Issues like water rights are already creating conflict over the precious, and sorely scare, resource of water. While the allocation of water rights may be necessary given the current level of Lake Mead and other precious sources of water in the Southwest, there are ways around making that allocation divisive.

Individual Rights vs. Communal Efforts

For example, rather than solely limiting allowable water usage for both individuals and corporations, perhaps we can take a step back to look at the larger picture of our water culture. At that point we can begin asking what steps we can take communally to save water.

What infrastructures within our communities can adapt to use less water? For instance, maybe landscaping on the medians can change from grass or green shrubbery to rocks and cacti, saving hundreds of gallons of water in irrigation every year. Changes in the community may even increase social pressure for larger corporations like hotel chains to change their landscaping approaches to a more drought friendly set-up.

Embedding the value of saving water into our local communities through challenges and events could also increase social solidarity around the issue. Who can take the shortest showers? Who can use the least water for dishes in a week? If we can get individuals to change their water consumption behaviors through a communal mindset, we might be able to avoid the predicted water wars that, at this time, seem to be the fate for the Southwest.

A Realistic Path Forward using our Sociological Imagination

The point is not to increase our water supply and continue to use and waste water in the ways we always have. In fact, that simply is not an option. Rather, the point is to identify practices in our community that use an abundance of water that no longer exists and change those practices together, as a community.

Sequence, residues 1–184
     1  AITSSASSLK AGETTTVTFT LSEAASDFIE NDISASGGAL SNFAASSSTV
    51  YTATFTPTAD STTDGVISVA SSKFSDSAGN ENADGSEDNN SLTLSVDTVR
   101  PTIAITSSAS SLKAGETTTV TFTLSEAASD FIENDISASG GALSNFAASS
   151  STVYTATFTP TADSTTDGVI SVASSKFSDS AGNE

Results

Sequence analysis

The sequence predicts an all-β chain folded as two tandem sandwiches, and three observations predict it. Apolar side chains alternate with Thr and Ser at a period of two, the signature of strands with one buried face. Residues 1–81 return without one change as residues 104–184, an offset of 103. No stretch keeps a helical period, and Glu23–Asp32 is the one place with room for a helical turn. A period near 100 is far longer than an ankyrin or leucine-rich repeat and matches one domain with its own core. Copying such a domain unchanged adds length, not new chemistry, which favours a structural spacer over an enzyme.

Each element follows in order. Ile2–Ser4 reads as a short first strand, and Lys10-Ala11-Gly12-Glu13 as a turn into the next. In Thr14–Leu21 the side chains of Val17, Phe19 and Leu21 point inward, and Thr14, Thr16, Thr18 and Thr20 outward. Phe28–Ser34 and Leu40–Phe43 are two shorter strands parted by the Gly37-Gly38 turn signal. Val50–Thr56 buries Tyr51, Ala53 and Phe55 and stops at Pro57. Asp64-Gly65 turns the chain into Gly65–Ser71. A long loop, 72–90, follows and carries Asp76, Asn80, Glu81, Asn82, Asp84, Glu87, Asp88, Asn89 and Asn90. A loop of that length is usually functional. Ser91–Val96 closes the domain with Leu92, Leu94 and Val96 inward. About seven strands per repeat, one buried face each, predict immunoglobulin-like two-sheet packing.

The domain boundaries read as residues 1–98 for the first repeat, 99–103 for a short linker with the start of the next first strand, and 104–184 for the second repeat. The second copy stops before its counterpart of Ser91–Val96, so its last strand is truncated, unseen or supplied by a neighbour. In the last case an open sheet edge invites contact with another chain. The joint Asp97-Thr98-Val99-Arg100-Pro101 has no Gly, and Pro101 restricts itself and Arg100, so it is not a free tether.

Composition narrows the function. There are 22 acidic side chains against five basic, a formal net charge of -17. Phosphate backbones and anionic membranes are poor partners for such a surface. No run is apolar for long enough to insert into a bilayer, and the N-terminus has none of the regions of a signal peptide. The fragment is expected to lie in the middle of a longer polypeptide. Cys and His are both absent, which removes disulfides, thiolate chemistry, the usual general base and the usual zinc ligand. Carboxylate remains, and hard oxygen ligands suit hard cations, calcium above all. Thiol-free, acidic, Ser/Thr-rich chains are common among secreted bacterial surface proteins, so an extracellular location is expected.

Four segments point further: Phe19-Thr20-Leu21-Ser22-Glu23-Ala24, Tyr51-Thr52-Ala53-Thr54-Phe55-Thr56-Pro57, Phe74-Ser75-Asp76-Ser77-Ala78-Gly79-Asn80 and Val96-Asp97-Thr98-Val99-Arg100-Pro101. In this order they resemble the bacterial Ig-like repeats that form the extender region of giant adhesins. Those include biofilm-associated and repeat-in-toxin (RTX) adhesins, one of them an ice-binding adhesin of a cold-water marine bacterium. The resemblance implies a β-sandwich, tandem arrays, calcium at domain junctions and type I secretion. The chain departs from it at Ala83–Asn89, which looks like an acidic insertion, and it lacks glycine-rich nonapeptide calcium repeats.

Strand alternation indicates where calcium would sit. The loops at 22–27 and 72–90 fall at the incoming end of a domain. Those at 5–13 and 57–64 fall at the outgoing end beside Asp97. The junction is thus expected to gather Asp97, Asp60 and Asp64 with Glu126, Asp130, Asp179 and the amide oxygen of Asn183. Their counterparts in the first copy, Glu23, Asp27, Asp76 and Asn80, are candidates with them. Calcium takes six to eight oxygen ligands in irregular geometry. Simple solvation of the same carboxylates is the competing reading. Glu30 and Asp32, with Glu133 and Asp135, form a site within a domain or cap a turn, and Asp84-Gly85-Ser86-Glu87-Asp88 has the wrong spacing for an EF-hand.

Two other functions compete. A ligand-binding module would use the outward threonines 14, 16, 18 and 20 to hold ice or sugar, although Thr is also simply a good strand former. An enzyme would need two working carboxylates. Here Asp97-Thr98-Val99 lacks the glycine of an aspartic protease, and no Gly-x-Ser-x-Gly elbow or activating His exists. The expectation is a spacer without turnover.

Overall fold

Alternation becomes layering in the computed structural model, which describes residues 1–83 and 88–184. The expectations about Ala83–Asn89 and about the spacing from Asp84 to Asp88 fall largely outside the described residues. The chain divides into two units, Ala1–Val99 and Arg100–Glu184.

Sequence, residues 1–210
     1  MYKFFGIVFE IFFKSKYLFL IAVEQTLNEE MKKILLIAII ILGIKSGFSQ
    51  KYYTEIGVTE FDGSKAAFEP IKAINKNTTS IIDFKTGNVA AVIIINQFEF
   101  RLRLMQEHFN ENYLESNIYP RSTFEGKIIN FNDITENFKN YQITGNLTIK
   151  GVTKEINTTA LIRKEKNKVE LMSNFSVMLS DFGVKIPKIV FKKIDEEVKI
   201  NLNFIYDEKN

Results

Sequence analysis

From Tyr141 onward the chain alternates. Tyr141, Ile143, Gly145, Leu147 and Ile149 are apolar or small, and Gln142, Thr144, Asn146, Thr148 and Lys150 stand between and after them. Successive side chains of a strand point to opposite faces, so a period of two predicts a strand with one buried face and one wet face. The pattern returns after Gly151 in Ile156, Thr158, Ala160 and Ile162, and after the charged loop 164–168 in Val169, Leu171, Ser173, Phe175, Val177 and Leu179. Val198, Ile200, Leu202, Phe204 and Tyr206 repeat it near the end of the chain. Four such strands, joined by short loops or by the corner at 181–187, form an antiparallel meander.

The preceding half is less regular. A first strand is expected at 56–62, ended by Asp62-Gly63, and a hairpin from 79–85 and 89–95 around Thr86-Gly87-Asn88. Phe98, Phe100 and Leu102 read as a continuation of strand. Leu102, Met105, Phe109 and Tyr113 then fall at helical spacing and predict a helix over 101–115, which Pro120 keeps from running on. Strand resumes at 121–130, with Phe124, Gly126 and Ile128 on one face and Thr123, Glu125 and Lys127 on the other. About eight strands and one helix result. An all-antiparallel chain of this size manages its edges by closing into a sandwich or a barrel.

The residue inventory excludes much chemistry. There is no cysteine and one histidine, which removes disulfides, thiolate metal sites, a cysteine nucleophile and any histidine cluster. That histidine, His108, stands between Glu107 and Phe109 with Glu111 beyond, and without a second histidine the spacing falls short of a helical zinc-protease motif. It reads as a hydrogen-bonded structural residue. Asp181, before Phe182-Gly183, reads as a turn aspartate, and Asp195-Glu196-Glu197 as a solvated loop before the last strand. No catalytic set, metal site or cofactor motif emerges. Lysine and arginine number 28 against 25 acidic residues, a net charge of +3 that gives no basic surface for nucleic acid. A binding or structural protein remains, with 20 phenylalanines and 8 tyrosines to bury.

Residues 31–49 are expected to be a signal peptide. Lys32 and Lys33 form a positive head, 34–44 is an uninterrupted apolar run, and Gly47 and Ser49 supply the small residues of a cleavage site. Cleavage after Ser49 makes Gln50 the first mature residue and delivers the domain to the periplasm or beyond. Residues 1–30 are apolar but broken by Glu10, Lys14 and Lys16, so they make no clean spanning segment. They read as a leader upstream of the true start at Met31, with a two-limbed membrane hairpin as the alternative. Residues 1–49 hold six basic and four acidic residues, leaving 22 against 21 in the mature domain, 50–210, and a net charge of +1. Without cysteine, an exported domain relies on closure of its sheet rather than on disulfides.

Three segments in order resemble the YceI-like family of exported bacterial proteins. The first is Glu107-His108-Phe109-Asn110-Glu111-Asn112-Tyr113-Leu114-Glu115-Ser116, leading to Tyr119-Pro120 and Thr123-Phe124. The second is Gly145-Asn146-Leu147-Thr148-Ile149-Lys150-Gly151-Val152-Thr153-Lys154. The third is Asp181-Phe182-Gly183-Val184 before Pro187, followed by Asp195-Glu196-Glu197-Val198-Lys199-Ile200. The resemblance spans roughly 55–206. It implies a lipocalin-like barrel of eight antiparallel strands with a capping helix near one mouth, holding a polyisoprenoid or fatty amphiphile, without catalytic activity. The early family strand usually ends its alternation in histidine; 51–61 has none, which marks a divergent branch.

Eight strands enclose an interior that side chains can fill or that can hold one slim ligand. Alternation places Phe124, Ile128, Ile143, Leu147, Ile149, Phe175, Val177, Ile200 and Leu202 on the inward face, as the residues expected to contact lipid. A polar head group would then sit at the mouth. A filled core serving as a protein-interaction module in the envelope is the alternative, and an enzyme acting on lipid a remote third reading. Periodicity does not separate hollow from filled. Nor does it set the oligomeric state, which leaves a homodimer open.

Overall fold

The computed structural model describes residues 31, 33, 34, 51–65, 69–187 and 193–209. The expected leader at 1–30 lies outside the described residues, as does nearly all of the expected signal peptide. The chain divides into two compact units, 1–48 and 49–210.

If we can avoid allocating water rights in a way that increases our already increasingly hierarchical social structures, we may be able to take a page from the Ancestral Puebloans’ book and perhaps transition to communal ways of life before we are forced to leave the drying Southwest altogether.

Environmental Sociology Applied to the Climate Crisis

Stephanie Wilson

Dr. Stephanie Wilson is Applied Worldwide’s co-founder and Director of Organization Research. She earned her Ph.D. in Sociology from Purdue University after first receiving her M.A. degree in Applied Sociology from the University of Northern Colorado. She conducts research on health inequalities in the US and globally, writing about issues such as provider-patient interactions, pain assessment biases, social stigma, and intersectionality in healthcare. She has been teaching sociology at the college level for nearly a decade and loves empowering students with sociological knowledge and skills. Dr. Wilson is also a dance educator, choreographer, and performer and believes that art and travel are some of the best ways to learn about society.